Due to a proposed change in the commercial arrangements of Harmony Inns, the lease was returned after a few years to Watneys. Following this change there were a number of short-lived tenancies the last and probably best being that of Geordies, Eric and Sheila, with the pub becoming jollier but remaining much the same, until the new arrangement between Watneys and Scottish and Newcastle Breweries led to the growth of new style tenancies, pub groups and wholly owned subsidiaries. The Chef & Brewer chain took over the management of the POW, subsequently becoming Punch Taverns who continue to the present.
By the mid 1990s the deteriorating state of the POW was only equalled by the near closure of the Sports and Social Club. This organisation had occupied a corrugated iron shed to the rear of the village hall for many years, having been originally set up by a local worthies Mr & Mrs Oakley, with the aim of giving the farm lads something to occupy their time, (such as woodwork rather than the local hostelry), in their evenings off. Later the Oakley Institute became a Registered Chanty which continues today as one of the leaseholders, with the Village Hall, of part of the tranche of land given to the Village by Queen Victoria, and now administered via the Parish of Esher. Details of that action and subsequent arrangements are held by the Surrey History Centre. Suffice to say that the original intention was that the land should be used for the building of a village church and school, the school materialising but the church remaining simply a 'temporary corrugated iron 'mission church', the still popular and well-used St George's Church.
The original Oakley Institute building also was used for changing by the West End Cricket Club who had played on the common since 1875. Follow this link for more details: The History of the Oakley Institute
In 1972 the Cricket Club, urged on by the energies of some of their older members, Reeve Lynn and Cyril Handison to name but two, found enough funding to construct a new 'Peel' type timber Clubhouse building alongside the Village Hall, the latter being the old Village School. This allowed the old shed to be removed and a joint car park formed. This new building served the Sports and Social Club and the Village well until, during the 1990s, its fortunes faded and the Cricket Club was n danger of losing not only its changing and shower facilities but its very existence.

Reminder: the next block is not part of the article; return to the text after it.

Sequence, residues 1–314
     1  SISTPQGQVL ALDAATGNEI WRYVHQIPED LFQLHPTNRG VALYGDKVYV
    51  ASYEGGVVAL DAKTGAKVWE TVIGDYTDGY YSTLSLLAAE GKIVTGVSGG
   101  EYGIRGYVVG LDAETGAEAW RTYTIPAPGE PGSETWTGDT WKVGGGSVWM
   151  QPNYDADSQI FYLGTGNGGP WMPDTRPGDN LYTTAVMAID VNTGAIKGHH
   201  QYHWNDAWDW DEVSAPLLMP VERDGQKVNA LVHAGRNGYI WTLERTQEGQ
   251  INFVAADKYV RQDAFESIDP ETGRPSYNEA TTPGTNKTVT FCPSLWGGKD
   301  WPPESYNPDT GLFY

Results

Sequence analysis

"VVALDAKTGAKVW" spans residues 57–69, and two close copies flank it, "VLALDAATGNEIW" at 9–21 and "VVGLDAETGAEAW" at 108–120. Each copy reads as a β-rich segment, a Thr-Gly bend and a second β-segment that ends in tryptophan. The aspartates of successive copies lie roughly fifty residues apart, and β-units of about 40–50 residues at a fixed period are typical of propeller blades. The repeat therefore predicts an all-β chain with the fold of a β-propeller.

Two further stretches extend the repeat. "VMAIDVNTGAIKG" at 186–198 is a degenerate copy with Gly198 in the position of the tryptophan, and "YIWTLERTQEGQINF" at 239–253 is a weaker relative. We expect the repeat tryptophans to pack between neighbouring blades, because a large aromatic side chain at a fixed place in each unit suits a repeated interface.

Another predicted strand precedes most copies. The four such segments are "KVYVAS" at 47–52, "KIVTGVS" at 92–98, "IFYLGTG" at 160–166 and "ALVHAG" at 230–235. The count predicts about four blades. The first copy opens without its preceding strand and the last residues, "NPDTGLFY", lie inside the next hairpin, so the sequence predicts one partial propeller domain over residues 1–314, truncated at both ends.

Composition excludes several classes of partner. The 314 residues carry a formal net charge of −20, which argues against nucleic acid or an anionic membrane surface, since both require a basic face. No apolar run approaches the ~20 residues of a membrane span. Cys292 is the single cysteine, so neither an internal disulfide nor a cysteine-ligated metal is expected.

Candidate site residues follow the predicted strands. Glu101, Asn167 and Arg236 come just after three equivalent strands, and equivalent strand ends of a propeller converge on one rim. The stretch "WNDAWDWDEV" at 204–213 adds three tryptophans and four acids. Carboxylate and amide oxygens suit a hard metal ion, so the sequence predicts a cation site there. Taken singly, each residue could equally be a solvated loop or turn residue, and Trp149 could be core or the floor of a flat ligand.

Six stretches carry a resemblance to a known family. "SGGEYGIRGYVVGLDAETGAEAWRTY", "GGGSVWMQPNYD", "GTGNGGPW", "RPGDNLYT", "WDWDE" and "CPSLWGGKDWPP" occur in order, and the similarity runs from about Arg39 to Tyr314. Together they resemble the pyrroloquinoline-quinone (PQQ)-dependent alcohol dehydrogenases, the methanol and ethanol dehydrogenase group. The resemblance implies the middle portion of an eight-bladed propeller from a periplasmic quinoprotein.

This state of affairs was anathema to many people who frequented the POW, and occasionally the Sports and Social when the POW bar closed. These were the days before all-day opening! Besides, there was the potential loss of cricket on the green, not to mention the other outdoor activities on the common, a feature of the village for many years. It was an English thing. The then active folk of the Sports and Social were the only four or five attending members remaining; their morale was very low and the beer was terrible. They were also somewhat inflexible and sadly negative about future possibilities, and retired following the Club's AGM in February 1995.
A new Club initiative gathered strength. Interested villagers, local traders and far-sighted positive supporters began a joint revival and simple refurbishment of the Sports and Social Club. The building was totally redecorated, new showers and a boiler installed and tremendous volunteer work by numerous members also ensured a welcoming and well stocked bar and clubroom. They were further encouraged by the imminent closure of the Prince of Wales for a major series of works that took four or five months and changed the interior and ambience of that house for ever. Thirsty and social persons were attracted to the Club as never before and the current growth and enthusiasm began. It is interesting to note it appears that from this point the 'them and us' differences became more opaque.
At the imminent turn of the Century, a joint initiative with the Committee administering the Village Hall caused an approach to the National Lottery Fund for money to improve both adjoining buildings and make economies by the sharing of certain facilities. A Village '2000 Fund' was also set up. The subsequent Lottery Grant proved insufficient for the original purpose and together with the proceeds of local 2000 fund-raising, was divided in rough proportion, allowing an extension to the Hall but only a welcome addition to the Club's maintenance fund. However the bait was set. By 2005 enthusiasm was high, funds had been built up and loans acquired to allow the rebuilding of the Club's premises to become the present structure.
Today the Club boasts sections for Cricket, Football, Golf and Motoring activities and the West End Esher Racing Pigeon Club has at last found an enduring base.